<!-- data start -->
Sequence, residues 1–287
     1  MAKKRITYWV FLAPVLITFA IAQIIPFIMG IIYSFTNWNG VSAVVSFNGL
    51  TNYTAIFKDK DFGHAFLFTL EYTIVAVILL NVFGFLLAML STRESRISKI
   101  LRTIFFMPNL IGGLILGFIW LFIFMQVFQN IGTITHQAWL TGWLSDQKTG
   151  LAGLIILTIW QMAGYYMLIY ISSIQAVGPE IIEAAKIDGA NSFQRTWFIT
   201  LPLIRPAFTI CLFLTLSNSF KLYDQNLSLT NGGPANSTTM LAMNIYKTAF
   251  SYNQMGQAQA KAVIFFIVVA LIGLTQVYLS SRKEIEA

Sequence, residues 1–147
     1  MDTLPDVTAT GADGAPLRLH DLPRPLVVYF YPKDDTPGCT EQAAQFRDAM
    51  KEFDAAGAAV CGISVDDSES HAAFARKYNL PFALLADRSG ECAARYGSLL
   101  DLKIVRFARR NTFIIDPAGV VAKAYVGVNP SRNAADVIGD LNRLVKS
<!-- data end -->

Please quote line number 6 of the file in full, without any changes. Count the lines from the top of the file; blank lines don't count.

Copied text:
   201  LPLIRPAFTI CLFLTLSNSF KLYDQNLSLT NGGPANSTTM LAMNIYKTAF